Apple is currently king of the smartphone world. The iconic iPhone has doubled in market share since 2008, rising to 10.8 percent in the first quarter of 2009 from 5.3 percent in 2008,.
But Apple may be in for a Microsoft moment. Just as a steady stream of well-heeled competitors like IBM, Red Hat, and Oracle are aligning themselves with Linux as a way to undermine Windows in servers and desktops, so, too, are crowds starting to form around Google's open-source Android in the smartphone market.
Linux: the bete noir of proprietary operating system vendors.
Samsung, LG, Motorola, and others are placing increasing stakes on Android. Indeed, BusinessWeek reports that Motorola has "one bullet left in its gun" and this bullet is Android. It can't afford to let the "iPhone killer" draw blanks. "Motorola's handset business depends on Android," as ZDNet's Larry Dignan suggests.
Importantly, Android is growing in the area that defines the iPhone's success more than anything else: applications. BusinessWeek's Stephen Wildstrom says that "Android is now a contender" in large part due to its growing array of third-party applications:
The Android Market is surprisingly well-stocked, considering the relatively small number of Android phones in use....[W]ith support from Google and from handset makers desperate to come up with something that can mount a serious challenge to the iPhone, Android could become a major player.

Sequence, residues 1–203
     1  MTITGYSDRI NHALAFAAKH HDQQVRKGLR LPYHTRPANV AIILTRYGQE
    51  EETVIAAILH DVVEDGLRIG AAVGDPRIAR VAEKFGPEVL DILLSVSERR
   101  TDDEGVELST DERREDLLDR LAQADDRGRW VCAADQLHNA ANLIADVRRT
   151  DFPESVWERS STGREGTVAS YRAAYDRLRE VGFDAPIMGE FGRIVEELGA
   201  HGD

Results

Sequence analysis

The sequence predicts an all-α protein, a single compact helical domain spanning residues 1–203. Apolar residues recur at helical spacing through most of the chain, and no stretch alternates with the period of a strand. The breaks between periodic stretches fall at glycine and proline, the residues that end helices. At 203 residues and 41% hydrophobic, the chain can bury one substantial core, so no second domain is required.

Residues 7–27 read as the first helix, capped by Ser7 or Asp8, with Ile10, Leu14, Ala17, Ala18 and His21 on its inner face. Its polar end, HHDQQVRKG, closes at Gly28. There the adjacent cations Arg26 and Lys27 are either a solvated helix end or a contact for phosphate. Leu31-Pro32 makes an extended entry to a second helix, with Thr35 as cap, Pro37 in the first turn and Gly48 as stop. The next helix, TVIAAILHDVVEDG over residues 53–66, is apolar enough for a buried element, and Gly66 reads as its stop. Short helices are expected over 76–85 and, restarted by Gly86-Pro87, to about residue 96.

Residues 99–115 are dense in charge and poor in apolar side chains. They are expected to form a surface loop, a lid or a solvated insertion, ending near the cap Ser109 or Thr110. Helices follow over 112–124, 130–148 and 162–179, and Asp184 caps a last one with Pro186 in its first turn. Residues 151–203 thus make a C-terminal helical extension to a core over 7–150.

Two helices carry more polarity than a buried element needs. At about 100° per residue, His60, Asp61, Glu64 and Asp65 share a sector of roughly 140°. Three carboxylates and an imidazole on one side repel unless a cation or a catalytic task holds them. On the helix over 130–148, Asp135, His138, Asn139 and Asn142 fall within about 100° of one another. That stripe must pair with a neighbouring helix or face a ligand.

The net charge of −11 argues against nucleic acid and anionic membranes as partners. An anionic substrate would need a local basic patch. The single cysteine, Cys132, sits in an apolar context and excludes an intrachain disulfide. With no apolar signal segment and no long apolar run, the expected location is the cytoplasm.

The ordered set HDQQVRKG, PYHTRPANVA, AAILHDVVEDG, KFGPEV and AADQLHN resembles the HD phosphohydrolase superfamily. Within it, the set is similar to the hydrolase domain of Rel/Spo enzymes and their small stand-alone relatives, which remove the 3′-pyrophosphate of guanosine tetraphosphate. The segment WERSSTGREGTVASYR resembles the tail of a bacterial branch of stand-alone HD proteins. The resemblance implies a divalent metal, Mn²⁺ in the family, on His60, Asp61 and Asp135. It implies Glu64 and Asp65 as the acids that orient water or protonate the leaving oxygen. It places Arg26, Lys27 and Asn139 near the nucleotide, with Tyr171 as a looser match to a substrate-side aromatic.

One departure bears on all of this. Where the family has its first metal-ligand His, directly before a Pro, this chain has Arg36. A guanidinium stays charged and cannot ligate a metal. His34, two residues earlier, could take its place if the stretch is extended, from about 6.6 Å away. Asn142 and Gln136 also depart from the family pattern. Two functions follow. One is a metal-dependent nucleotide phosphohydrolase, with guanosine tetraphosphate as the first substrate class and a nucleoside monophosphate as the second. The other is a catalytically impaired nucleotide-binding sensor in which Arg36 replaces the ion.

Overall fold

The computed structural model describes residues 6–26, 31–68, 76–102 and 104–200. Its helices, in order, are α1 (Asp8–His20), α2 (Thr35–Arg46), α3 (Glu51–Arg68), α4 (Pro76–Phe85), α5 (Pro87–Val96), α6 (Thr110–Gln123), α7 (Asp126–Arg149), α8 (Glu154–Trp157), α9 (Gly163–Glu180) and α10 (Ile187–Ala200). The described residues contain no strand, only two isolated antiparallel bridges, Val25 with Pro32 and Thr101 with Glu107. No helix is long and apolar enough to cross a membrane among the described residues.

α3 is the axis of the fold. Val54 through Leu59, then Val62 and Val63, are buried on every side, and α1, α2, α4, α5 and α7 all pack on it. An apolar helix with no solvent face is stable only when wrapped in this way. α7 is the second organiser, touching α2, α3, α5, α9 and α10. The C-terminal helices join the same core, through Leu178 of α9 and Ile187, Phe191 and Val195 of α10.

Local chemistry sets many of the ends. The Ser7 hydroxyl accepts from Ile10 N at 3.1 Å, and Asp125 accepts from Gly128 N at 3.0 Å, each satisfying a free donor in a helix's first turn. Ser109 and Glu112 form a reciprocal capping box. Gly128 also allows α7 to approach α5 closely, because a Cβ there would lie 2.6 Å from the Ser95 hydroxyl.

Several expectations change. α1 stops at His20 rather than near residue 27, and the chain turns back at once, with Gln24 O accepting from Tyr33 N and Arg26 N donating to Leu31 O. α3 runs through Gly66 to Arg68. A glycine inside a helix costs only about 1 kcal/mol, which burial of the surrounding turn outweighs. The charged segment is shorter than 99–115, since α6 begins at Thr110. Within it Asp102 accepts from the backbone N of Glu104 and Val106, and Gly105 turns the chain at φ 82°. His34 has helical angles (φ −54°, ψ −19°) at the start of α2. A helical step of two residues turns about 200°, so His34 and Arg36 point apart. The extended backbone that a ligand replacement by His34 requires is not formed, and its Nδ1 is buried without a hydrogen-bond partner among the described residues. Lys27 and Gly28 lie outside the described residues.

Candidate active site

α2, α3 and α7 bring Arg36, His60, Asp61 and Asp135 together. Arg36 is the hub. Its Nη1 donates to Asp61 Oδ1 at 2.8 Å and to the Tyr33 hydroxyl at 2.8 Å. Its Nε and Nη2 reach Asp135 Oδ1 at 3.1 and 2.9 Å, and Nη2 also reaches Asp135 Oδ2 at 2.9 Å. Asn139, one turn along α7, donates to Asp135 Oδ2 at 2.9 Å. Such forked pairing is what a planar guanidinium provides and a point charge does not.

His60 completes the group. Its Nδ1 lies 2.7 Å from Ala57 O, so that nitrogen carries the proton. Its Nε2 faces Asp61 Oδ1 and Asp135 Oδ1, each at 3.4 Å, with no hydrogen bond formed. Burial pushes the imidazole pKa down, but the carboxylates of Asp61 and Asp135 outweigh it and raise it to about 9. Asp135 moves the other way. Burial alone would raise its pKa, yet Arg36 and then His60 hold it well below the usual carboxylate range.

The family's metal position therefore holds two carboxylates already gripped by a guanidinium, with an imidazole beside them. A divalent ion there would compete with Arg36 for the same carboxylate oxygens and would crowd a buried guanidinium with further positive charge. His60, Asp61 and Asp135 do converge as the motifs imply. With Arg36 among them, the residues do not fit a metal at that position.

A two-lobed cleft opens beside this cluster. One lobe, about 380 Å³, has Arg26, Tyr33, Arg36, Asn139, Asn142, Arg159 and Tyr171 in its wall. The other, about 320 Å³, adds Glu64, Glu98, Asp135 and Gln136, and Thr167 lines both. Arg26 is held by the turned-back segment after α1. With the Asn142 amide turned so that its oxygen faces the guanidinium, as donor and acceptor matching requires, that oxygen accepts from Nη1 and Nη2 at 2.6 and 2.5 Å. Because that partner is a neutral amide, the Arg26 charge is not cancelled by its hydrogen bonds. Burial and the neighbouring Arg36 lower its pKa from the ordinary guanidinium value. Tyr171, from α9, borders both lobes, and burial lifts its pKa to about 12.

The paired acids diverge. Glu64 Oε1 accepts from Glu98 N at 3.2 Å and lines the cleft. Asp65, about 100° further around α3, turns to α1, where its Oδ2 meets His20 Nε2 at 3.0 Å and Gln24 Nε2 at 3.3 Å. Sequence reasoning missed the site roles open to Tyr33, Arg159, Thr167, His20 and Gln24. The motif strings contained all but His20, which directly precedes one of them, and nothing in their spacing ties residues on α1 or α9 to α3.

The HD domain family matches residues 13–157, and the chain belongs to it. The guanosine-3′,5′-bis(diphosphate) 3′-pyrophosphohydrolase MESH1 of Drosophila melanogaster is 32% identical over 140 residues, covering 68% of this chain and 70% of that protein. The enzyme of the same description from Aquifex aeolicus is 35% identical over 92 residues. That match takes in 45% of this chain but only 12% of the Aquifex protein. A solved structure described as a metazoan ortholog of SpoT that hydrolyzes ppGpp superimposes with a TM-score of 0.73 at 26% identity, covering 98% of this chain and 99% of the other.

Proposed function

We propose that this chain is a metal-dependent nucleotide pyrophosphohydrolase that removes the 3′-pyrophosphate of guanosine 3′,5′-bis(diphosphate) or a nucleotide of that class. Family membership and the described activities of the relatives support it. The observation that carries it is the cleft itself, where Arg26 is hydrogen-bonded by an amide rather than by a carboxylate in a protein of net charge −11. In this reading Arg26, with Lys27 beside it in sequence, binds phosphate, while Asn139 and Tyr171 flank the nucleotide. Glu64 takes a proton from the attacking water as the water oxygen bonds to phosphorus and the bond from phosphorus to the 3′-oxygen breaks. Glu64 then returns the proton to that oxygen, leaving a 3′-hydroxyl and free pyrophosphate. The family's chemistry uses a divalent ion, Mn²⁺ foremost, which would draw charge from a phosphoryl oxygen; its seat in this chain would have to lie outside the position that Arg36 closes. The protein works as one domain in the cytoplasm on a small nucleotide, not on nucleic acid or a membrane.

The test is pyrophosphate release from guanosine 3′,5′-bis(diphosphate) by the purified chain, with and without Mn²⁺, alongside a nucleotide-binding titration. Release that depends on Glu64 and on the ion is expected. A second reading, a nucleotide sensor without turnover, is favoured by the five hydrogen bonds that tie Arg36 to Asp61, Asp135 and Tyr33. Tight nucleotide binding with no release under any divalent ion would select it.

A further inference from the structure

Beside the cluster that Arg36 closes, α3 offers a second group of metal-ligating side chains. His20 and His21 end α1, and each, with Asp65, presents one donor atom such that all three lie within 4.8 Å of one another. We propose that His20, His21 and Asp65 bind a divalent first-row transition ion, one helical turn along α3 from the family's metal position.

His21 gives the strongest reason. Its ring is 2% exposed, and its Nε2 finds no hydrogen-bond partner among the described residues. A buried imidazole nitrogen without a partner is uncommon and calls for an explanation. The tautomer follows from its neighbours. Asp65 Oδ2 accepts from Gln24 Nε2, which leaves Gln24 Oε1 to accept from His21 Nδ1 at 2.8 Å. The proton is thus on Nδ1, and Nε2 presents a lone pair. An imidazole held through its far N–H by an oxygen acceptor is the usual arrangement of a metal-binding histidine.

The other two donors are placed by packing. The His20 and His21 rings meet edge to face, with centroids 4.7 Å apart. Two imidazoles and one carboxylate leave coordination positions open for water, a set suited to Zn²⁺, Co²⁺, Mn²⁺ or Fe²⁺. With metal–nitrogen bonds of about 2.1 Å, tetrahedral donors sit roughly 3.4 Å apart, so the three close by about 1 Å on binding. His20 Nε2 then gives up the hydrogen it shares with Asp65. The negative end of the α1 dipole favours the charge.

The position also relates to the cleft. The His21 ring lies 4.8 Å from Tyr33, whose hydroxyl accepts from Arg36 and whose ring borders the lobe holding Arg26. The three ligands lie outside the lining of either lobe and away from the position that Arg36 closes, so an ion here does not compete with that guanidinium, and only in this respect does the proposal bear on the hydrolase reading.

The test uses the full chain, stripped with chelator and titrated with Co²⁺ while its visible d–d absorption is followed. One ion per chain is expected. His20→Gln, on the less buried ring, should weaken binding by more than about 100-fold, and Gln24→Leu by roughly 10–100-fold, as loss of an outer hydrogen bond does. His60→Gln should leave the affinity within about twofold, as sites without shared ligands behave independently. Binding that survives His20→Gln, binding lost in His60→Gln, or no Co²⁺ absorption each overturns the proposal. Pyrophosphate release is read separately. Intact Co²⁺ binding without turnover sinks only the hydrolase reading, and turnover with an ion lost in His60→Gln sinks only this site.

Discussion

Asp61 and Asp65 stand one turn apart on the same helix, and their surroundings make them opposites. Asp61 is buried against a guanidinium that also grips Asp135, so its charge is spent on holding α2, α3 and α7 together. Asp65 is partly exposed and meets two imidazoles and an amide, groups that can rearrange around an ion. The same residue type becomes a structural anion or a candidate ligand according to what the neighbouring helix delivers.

And not a moment too soon. With Apple iPhone margins as high as 60 percent by some estimates, the market already seems ripe for an open-source competitor to bring prices down while improving choice. I love my iPhone, but as Android-based phones become smarter and slicker, I just might change camps.
It appears that I'm not alone. The "droids" are popping up everywhere:
As with Linux in the server market, the smartphone industry is filled with second-place competitors. Most of these have a strong interest in banding together behind a Linux-based solution, in this case Android, though there is alsoand non-Linux Symbian.
It may take a soup-to-nuts, integrated solution like the iPhone to create a market, but it takes an open-source solution like Android to foster choice and lower costs.
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